Medicare Premium Increases
eRumor gets a little complex. There were increases in Medicare premiums announced in 2010.
Currently, in 2012, the rates posted on the Medicare site are $451 for
Part A and $99.90 for Part B.
There were no Cost of Living increases for Social Security recipients in 2010 or 2011. Congressional representatives have not received pay raises since 2009
and in 2010 actually voted to stop their annual automatic cost of living
During the Spring of 2012 one official looking version of this eRumor
said that premiums would be hiked up to $247 in 2014. The warning
appeared to have come from a representative of Blue Cross Blue Shield of
Alabama. According to an April 5, 2012 article in the Boston
Globe, the insurance representative received this viral email and
forwarded it from her work computer which pasted her company information
at the bottom of the email, thus lending some credibility to the
Click for story.
October 19, 2009, the New York Times reported that there would be an
increase to Medicare Part B premiums from $100 to $115, a 15% increase.
The Times article said, "About 12 million people, or 27 percent
of Medicare beneficiaries, will have to pay higher premiums or have the
additional amounts paid on their behalf."
No Cost of Living Increase for Social Security Recipients
On November 5, 2010, the
Social Security Administration published a report of increases of
premiums that said that depending on what plan
participants are enrolled, the increases would vary. These
policies were enacted while the 111th Congress, under the leadership of
Nancy Pelosi, was in session. The Republican majority led 112th House did
not take office until January 3, 2011, months after the changes to
Medicare were enacted.
For the most part, increases in premiums affect Medicare participants of
Part B. The report said, "Most beneficiaries will continue to pay
the same $96.40 or $110.50 premium amount in 2011. Beneficiaries who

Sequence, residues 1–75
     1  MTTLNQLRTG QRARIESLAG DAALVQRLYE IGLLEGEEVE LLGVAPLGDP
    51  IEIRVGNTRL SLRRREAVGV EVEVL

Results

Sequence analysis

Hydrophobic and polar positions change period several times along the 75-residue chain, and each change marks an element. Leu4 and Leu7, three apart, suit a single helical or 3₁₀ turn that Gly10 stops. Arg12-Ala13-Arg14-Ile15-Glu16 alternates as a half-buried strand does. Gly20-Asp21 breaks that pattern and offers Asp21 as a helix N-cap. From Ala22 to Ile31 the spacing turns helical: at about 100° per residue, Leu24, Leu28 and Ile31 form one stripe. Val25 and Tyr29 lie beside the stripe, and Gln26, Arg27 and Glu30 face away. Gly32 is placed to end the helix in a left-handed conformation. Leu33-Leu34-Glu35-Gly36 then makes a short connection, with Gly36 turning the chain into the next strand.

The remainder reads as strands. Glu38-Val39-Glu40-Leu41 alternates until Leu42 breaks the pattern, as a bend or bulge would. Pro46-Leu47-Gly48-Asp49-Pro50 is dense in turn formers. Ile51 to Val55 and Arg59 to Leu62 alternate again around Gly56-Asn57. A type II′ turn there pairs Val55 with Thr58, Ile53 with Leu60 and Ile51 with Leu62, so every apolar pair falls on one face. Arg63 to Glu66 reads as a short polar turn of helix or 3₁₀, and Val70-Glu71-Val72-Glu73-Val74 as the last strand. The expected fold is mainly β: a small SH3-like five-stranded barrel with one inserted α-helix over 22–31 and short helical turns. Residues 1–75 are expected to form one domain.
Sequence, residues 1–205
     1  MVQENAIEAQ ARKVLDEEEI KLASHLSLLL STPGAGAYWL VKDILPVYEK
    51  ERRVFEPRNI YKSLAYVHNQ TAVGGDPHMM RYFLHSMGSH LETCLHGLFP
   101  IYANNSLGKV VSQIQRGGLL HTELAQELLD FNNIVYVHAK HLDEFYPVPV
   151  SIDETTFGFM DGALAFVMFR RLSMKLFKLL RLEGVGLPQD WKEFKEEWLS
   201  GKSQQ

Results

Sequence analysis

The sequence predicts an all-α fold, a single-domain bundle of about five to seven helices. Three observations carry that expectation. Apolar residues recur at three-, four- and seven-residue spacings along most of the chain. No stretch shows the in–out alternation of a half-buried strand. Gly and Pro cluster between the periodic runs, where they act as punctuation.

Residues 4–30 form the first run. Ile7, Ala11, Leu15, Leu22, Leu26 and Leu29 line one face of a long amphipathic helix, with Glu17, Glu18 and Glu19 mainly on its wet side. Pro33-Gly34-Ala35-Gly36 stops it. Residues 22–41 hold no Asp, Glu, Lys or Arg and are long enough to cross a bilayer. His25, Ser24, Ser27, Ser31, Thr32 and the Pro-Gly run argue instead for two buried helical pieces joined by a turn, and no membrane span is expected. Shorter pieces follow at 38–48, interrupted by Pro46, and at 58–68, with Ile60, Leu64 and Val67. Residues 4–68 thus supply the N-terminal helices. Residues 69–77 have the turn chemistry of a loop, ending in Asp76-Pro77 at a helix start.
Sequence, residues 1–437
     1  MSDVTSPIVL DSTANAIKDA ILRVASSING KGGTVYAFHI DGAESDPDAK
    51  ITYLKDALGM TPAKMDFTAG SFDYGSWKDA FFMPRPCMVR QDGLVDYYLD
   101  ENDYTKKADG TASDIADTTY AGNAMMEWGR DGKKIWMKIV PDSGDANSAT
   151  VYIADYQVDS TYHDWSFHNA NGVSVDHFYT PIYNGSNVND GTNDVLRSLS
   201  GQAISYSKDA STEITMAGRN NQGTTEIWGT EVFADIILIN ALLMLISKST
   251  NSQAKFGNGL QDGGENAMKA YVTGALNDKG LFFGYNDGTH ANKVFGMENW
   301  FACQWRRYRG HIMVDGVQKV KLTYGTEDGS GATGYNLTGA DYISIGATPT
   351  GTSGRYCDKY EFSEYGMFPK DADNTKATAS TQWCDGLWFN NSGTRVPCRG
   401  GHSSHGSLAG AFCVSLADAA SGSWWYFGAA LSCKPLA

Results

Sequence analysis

currently have the Social Security Administration (SSA) withhold their
Part B premium and have incomes of $85,000 or less (or $170,000 or less
for joint filers) will not have an increase in their Part B premium in
It went on to say, "For all others, the
standard Medicare Part B monthly premium will be $115.40 in 2011, which
is a 4.4% increase over the 2010 premium. The Medicare Part B premium is
increasing in 2011 due to possible increases in Part B costs. If your
income is above $85,000 (single) or $170,000 (married couple), then your
Medicare Part B premium may be higher than $115.40 per month."
TruthOrFiction.com has not found any evidence that the Social Security
Administration has announced any future increases to Medicare premiums.
Any cost predictions not posted on the Medicare or SSA sites should be
For current quotes on premiums Medicare has put up a cost page:
Click for Medicare premium
According to an October 15, 2010 press release by the
Security Administration, the policy of no cost of living adjustment
(COLA) for Social Security recipients began in 2010 , once again, while
the 111th Congress was in session.
The bill that was signed into law in 2010 but extended the no COLA plan
to 2011. TruthorFiction.com reported on this story
back in 2010 and has findings posted.
for our findings.
Congressional Pay Raises
Neither the 111th nor 112th Congress voted for a cost of living
increase in their salaries. According to a
May 14, 2010 article in The Hill, President Obama signed into law a
bill that would stop all automatic pay raises to members of Congress. The article said, "The base pay for House and
Senate lawmakers is $174,000, though leaders earn a higher salary. The
cost-of-living increase would have given lawmakers a $1,600 raise in
2011. By rescinding the increase, lawmakers saved taxpayers $850,000 for
The Hill article also said, the House (111th) voted against a $2610 pay
raise for each member, which amounted towards a savings of $1.4 million
to the taxpayers. The article added, "In 2008, members did not opt
to rescind their pay and received a $4,100 increase, or 2.5 percent,"
which cost taxpayers just over $2.2 million.